Interested in Amateur Radio Digital Mode FT8 Operations?
A VISUAL + AUDIO AIR CHECK OF DIGITAL MODE FT8 QSOs, ON THE 30-METER BAND
Here is a video capture of the reception and transmission of many digital FT8-mode amateur radio high-frequency (HF; Shortwave) communication signals. This video is a front-seat view of the software operation performed at the radio room of amateur radio operator, NW7US, Tomas Hood.
The software packages demonstrated are installed and operational on a modern personal computer. The computer is connected to an Icom IC-7610 radio transceiver, controlled by the software. While there is no narration in the video, the video provides an opportunity for you to see first-hand how typical FT8 operations are performed. The signals can be heard.
The frequency used for the FT8 communication in this video is on or about 10.136 MHz, in the 30-Meter shortwave amateur radio allocation (or, band). As can be seen, the 30-Meter band was active at this time of day (0720 UTC, onward–local nighttime).
In this video you see (and hear) NW7US make two-way contacts, or QSOs, with stations from around the country and the world.
There are amateur radio operators within the amateur radio community who regard the FT8 digital mode (FT8 stands for “Franke-Taylor design, 8-FSK modulation“, and refers to the mode created by Joe Taylor, K1JT and Steve Franke, K9AN) as robotic (automatic, automated, and unattended) computer-to-computer communications, and not ‘true’ human communications–thus negating the spirit of ham radio. In other words, FT8, in their opinion, is not real amateur radio. While they pontificate about supposed automated computer communications, many of those holding this position have not installed and configured the software, nor tried communicating with the FT8 digital mode. They have perhaps formed their anti-FT8 opinion in a vacuum of knowledge. (This writer has other issues with FT8, but not on this point–see below)
As you watch the video linked in this article, consider these concepts:
+ A QSO is defined (as per common knowledge–see below) as the exchange of at least the minimum information needed as set by the requirements of a particular award, or, as is defined by law–for instance, a QSO would have at least an exchange of the legal call sign assigned to the radio station and/or control operator, the location of the station making the transmission, and a signal report of some kind about the signal received from the other transmitter at the other end of the QSO.
+ Just how much human involvement is required to make a full FT8 QSO? Does WSJT-X software run all by itself, with no human control? Is WSJT-X a robot, in the sense that it picks a frequency, then initiates or answers a CQ call automatically, or is it just powerful digital-mode software that still requires human control?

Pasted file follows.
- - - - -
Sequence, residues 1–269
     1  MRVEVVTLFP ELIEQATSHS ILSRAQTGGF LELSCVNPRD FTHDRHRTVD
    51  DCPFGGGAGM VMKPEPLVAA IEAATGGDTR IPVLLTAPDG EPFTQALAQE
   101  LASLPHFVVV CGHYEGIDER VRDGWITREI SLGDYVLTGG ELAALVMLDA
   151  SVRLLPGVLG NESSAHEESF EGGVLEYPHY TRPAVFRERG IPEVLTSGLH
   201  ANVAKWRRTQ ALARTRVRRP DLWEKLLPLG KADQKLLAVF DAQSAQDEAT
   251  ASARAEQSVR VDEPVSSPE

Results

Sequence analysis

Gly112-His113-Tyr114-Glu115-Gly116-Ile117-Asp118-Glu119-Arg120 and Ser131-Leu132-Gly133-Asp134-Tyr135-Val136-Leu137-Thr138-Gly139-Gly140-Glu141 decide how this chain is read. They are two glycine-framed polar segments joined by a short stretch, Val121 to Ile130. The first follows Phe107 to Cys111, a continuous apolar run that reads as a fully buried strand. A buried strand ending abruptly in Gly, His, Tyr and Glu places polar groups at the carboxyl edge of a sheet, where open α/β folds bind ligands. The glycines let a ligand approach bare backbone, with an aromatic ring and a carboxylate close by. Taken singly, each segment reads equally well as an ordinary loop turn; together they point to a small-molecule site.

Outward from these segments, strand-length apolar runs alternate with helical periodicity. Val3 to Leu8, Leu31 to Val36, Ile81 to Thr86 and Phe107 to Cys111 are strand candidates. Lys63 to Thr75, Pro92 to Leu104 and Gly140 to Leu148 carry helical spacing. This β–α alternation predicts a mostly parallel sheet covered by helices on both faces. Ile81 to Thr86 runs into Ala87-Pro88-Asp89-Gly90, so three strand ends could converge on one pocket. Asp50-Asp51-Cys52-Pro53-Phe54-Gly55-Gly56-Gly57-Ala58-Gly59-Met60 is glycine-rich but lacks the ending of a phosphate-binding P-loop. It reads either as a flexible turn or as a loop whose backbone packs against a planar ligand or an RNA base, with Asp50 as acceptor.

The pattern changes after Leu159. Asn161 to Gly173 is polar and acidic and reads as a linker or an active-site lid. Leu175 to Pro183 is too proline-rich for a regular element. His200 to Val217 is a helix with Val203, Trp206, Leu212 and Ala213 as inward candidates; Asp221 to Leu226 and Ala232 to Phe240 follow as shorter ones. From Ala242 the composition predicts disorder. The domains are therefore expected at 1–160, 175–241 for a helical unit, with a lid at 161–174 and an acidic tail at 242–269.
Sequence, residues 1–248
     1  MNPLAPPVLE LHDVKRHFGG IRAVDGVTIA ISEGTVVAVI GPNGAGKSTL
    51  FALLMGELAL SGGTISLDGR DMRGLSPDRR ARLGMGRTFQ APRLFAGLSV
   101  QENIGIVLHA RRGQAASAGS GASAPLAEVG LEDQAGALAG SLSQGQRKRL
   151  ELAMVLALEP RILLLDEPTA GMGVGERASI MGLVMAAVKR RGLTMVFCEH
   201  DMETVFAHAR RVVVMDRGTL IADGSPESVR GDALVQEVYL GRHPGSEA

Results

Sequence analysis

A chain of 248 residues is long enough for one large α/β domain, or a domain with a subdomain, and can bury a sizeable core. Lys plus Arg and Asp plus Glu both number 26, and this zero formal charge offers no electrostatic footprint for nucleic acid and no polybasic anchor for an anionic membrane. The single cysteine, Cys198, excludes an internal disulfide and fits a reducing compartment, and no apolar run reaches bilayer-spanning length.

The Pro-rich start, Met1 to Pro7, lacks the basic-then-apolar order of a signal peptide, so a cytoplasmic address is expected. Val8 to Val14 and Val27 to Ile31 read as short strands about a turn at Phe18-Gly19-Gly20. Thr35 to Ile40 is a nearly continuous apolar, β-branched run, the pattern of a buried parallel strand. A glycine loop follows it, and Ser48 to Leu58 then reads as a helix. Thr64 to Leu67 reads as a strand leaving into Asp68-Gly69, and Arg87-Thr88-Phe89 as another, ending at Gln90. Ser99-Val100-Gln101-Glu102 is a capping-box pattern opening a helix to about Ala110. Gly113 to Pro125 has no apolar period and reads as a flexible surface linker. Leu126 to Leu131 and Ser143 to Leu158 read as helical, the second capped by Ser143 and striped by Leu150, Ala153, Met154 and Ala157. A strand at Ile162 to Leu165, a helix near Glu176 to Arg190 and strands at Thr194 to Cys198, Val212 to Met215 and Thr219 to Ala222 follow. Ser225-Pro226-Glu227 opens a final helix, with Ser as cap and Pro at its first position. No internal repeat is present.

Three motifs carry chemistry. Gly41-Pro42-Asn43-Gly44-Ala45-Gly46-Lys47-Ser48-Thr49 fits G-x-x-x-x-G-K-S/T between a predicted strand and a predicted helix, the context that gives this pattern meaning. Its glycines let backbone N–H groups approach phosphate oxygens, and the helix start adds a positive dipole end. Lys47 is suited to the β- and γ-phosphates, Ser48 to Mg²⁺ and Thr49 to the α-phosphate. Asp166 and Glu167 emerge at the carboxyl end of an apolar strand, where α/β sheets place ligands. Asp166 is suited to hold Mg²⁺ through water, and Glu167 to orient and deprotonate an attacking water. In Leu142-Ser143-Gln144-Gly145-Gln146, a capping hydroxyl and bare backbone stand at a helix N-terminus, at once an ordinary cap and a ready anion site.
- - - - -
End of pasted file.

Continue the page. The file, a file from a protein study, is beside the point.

The video was captured from the screen of the PC running the following software packages interacting together as a system:
+ WSJT-X: The primary software featuring the digital mode, FT8. (See below for some background on WSJT-X software.)
+ JTAlert: Provides several audio and visual alert types based on decoded Callsigns within WSJT-X.
+ Log4OM, Version 2: A full-featured logging program, which integrates well with WSJT-X and JTAlert.
+ Win4IcomSuite: A full-featured radio controlling program which can remote control rigs, and provide control through virtual communication port-sharing.
+ Com0Com: The Null-modem emulator allows you to create an unlimited number of virtual COM port pairs and use any pair to connect one COM port based application to another. Each COM port pair provides two COM ports. The output to one port is the input from other port and vice versa.
As mentioned, above, the radio used for the communication of FT8 at the station, NW7US, is an Icom IC-7610 transceiver. The antenna is an off-center fed dipole that is over 200 feet in total length (end-to-end measurement).
WSJT-X is a computer program used for weak-signal radio communication between amateur radio operators, or used by Shortwave Radio Listeners (SWLers; SWL) interested in monitoring the FT8 digital communications between amateur radio operators. The program was initially written by Joe Taylor, K1JT with Steve Franke, K9AN, but is now open source and is developed by a small team. The digital signal processing techniques in WSJT-X make it substantially easier for amateur radio operators to employ esoteric propagation modes, such as high-speed meteor scatter and moonbounce.
WSJT-X implements communication protocols or “modes” called FST4, FST4W, FT4, FT8, JT4, JT9, JT65, Q65, MSK144, and WSPR, as well as one called Echo for detecting and measuring your own radio signals reflected from the Moon. These modes were all designed for making reliable, confirmed QSOs under extreme weak-signal conditions. JT4, JT9, and JT65 use nearly identical message structure and source encoding (the efficient compression of standard messages used for minimal QSOs). They use timed 60-second Transmit/Rreceive (T/R) sequences synchronized with UTC (Universal Time, Coordinated). JT4 and JT65 were designed for Earth-Moon-Earth communications (EME, or, moonbounce) on the Very-High Frequency (VHF), Ultra-High Frequency (UHF) and microwave bands. JT9 is optimized for the Medium-Frequency (MF) and High-Frequency (HF) bands. It is about 2 dB more sensitive than JT65 while using less than 10% of the bandwidth. Q65 offers submodes with a wide range of T/R sequence lengths and tone spacings.FT4 and FT8 are operationally similar but use T/R cycles only 7.5 and 15 seconds long, respectively. MSK144 is designed for Meteor Scatter on the VHF bands. These modes offer enhanced message formats with support for nonstandard call signs and some popular contests. (The MSK in MSK144 stands for, Multiple Frequency Shift Keying.)